Balagan – Pleasant Chaos
A portrait of Haya Molcho.
When Haya Molcho cooks, the earth seems to move. The chef has been infusing Vienna with the culinary traditions of her native Israel for years, now she has opened her first restaurant in Berlin. To mark the occasion, we organized a big communal dinner – together with DJ duo Tiefschwarz and their mother.
There are few people that can talk about meatballs for ten minutes while keeping an entire table under their spell. Haya Molcho counts among the few.
The chef and restaurateur is what one would call present. Laughing in Ali Schwarz’s open kitchen in a newly renovated house in Kreuzberg, stirring, chopping and seasoning, pushing small bites into the mouths of bystanders, and all looking so relaxed, so happy, that you just cannot look away. Haya has a maternal quality without being old fashioned. She leads without dominating.
It is these qualities among others that have enabled Haya Molcho to build her business into what it is today. She’s lived in Vienna for 35 years: hailing from Tel Aviv, she was partly raised in Germany, where she met her husband, Samy Molcho, a mime. In Vienna she runs restaurants Neni and Tel Aviv Beach, as well as a catering branch, and she sells some of her best-known Mezze in the grocery store chain Spar. Last year she opened her first restaurant outside of Austria in Zurich’s 25hours Hotel and this year, Neni will join the 25hours Hotel in Berlin.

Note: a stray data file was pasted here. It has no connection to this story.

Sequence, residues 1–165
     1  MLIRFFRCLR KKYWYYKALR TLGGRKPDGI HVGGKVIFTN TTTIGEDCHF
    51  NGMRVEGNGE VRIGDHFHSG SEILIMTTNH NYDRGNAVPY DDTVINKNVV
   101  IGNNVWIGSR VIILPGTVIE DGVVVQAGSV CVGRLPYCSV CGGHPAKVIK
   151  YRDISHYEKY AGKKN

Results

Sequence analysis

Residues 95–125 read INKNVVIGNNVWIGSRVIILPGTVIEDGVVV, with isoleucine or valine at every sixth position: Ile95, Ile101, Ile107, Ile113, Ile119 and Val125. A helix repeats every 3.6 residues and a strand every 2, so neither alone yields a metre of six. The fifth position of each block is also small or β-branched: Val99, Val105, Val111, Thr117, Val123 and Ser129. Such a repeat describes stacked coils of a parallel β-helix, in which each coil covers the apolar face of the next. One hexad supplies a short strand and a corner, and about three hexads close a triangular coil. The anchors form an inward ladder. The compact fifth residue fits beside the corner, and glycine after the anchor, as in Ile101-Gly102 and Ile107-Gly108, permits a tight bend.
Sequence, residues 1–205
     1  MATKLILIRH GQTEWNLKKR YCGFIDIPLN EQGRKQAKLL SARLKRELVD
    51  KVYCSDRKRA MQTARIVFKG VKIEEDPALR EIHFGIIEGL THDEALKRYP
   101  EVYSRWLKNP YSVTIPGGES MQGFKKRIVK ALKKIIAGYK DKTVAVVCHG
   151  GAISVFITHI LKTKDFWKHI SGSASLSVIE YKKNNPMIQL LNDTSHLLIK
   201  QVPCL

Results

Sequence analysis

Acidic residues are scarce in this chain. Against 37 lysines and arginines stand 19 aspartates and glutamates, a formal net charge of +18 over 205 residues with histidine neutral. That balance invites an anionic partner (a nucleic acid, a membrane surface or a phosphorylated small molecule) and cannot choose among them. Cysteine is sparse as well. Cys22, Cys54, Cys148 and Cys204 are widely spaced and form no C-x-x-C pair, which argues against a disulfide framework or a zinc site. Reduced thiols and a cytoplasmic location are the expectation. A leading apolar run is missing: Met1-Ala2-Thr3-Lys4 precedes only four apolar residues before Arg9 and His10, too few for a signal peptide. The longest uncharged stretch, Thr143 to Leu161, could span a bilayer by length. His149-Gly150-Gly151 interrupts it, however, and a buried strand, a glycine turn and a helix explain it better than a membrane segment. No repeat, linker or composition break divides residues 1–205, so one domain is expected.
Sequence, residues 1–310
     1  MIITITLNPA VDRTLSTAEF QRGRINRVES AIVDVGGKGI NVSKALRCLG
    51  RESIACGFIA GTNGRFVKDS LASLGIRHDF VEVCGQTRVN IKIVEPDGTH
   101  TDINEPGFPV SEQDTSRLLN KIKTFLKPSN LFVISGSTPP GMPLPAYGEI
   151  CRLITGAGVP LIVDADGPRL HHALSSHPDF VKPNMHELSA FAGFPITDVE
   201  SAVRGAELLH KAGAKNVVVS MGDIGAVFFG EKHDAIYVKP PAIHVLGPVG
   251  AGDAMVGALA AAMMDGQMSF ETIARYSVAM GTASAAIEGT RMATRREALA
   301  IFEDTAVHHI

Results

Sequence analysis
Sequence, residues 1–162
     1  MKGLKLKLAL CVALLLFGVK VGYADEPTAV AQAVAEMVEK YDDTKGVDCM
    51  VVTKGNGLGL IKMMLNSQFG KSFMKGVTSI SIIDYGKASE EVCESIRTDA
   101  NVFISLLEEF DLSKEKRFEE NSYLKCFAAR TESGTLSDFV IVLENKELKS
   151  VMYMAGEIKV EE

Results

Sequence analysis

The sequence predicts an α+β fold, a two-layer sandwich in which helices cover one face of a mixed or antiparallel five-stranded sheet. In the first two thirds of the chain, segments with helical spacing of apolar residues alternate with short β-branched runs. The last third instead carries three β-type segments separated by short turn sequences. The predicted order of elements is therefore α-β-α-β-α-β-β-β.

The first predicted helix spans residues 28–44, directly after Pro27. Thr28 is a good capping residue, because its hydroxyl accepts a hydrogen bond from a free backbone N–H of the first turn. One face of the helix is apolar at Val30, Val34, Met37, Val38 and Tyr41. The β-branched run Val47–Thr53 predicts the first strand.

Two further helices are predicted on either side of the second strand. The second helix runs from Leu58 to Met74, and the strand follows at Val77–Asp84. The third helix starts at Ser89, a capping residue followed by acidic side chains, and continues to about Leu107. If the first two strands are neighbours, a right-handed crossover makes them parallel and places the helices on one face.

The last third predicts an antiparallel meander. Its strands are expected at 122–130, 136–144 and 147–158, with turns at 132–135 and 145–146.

This is all explained over chopping and pouring by Nuriel Molcho, Haya’s oldest son, who is responsible for the marketing and concept development of the Neni Group. Gradually, the sons have returned to the family business, with Nuriel’s two younger brothers taking care of bookkeeping and management. The youngest son is an exception to this rule: he’s an actor.
The hosts are also a family. In addition to the two DJs, Ali and Basti Schwarz, also known as Tiefschwarz - who once played for Neni at the Vienna Naschmarkt and have since become friends with Molcho - is their mother, Siglinde, tinkering in the kitchen.
Despite the numerous Mediterranean influences, Haya doesn’t refer to her cuisine as Israeli. She prefers the word “eclectic.” Many vegetarian dishes are available, numerous exotic spices are used, and cultures and traditions play off of each other.
Just as important as the food is the approach to eating. “It must be a real mess” calls out Haya, as she places the individual components for Sabich, Israeli wraps filled with friend eggplant, boiled eggs, hummus and tahini, on the table. It is a kitchen of sharing, exchange and of being together.
“My most recent cookbook is called Balagan – pleasant chaos. That’s me, I create chaos.” It’s as though the word was made just for Haya.